This sounds like you’re arguing something you think I said, but I never said it. It is a talking point of Rodney Meldrum, so I’m guessing that’s why you must have said it. I think there are lots of possible interpretations for “the promised land” and like Mary Ann said above, “No current theory has satisfied me by conforming to all internal evidence of the book.”
I think Rodney’s work is interesting, and I should do a full review of his work, but I haven’t really been able to find a good book to do a real review. I attended one of his seminars, and I found it “science, mingled with scripture.”
My biggest problem with Meldrum: He cherry picks his quotes from Joseph Smith. Meldrum loves to quote Joseph when it seems to corroborate his theory, but he completely ignores Joseph when it doesn’t suit him. For example, Joseph said that the “new” ruins found on the Yucatan Peninsula were Lamanite. Joseph also said that Lehi landed 30 degrees south of the equator. Clearly Joseph believed in a hemispheric model (North and South America) with the narrow neck of land being in Darien (what we now call Panama.) Meldrum completely ignores these quotes (at least in the session I attended.)
At least John Sorensen pulls out all of these quotes and flat out says that Joseph really didn’t know where the BoM lands were. Meldrum ought to do the same.
Meldrum’s got other problems, but if you can point me to a book that actually explains his theory, I will do a formal review. Up to now, I have only seen pieces (and his DNA stuff isn’t nearly so solid as he claims), and I don’t want to do a review if he is only giving pieces and not the whole theory.
Suffice it to say, there are serious problems with all of the North, Central, and South American theories. But it is fun to discuss!
Ken, you do understand that those estimates of world population are not based on tallies created by people from the ancient world, right? And, yes, there are very defendable methods of estimating past populations. Populations grow at exponential rates, not geometric. Basic math supports smaller numbers.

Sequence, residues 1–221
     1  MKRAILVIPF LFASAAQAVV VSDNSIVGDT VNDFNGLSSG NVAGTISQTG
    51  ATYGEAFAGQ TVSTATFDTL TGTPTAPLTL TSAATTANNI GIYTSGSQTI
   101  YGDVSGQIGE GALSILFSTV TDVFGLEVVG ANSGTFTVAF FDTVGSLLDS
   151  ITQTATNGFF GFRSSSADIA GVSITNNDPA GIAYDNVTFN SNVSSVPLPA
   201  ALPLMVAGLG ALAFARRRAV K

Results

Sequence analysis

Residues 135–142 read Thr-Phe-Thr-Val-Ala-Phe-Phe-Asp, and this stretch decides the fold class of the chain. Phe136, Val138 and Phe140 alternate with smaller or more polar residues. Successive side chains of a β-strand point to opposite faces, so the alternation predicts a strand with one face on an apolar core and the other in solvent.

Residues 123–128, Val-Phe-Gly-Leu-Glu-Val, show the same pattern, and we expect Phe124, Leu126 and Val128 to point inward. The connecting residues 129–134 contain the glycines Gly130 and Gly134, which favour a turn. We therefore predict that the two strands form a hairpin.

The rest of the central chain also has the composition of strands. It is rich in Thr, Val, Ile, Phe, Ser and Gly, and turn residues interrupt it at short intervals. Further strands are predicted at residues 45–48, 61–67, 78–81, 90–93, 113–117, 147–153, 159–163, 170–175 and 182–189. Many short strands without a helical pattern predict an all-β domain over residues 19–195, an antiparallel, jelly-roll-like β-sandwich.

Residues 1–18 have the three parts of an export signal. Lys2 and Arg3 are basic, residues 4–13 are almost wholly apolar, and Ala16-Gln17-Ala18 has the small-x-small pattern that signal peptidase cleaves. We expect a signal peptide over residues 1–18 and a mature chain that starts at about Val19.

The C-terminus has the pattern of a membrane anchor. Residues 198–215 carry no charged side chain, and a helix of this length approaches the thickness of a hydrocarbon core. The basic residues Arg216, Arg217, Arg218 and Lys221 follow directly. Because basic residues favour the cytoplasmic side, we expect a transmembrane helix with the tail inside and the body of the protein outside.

“My biggest problem with Meldrum”
Agree with what you said. He also has some issues with geography; like the flow of rivers.
Like you, I enjoy reading about this kind of stuff.
Modern groups have tried to use ancient records, among other things, to estimate world populations.
Also, there is a lot that they don’t know that would distort thier estimates. For example, if the destruction spoke about in the Book of Mormon — cities buried in the sea, mountains turned to valleys and massive earth quakes — actually happened, which I think it did, it would distort any forecasting model. They simply don’t know
With 91 votes so far, a strong 46% plurality votes for “None of the Above. BoM is not historical”.
I know WheatandTares is true!
My belief is that Lehi’s party landed somewhere on the South American coast, not far from the “Tree of Life” sculpture. In time, as both Nephites and Lamanites not only had their interactions with each other but likely existing indigenous cultures, the BoM locations that we’re familiar with up to and including III Nephi were likely fairly much confined to present-day Nicaragua, Honduras, Guatemala, and El Salvador.
After the events described after Christ’s appearance to the Nephites, and the some 200 years of relative peace, Mormon describes a condition of significant urbanization and population growth in Mormon 1:7. It’s my conjecture that due to prosperity and fecundity (a nation of Duggar families), as well as PEACEFUL assimilation of neighboring cultures, that the Nephite-Lamanite ‘nation’ was far larger than it had been at the time of Christ’s visit. It may have even extended well into Mexico and parts of the present-day United States. However, I find it interesting that such a large PreColumbian nation not only left little if any artifacts of its existence (an strong argument against its existence at all), but that no seafaring cultures ever, to the best of our knowledge, encountered it.
It’s my belief also that the events described in Mormon, including the Battle of the Hill Cumorah, took place south of the Rio Grande, likely within sight of the volcano Popocatépetl, which is my conjecture as to the “Hill Cumorah” for the battle site. The one in New York is likely a namesake, just as there are several mounts named “Baldy” and numerous cities of “Springfield” in the US alone, let alone foreign equivalents.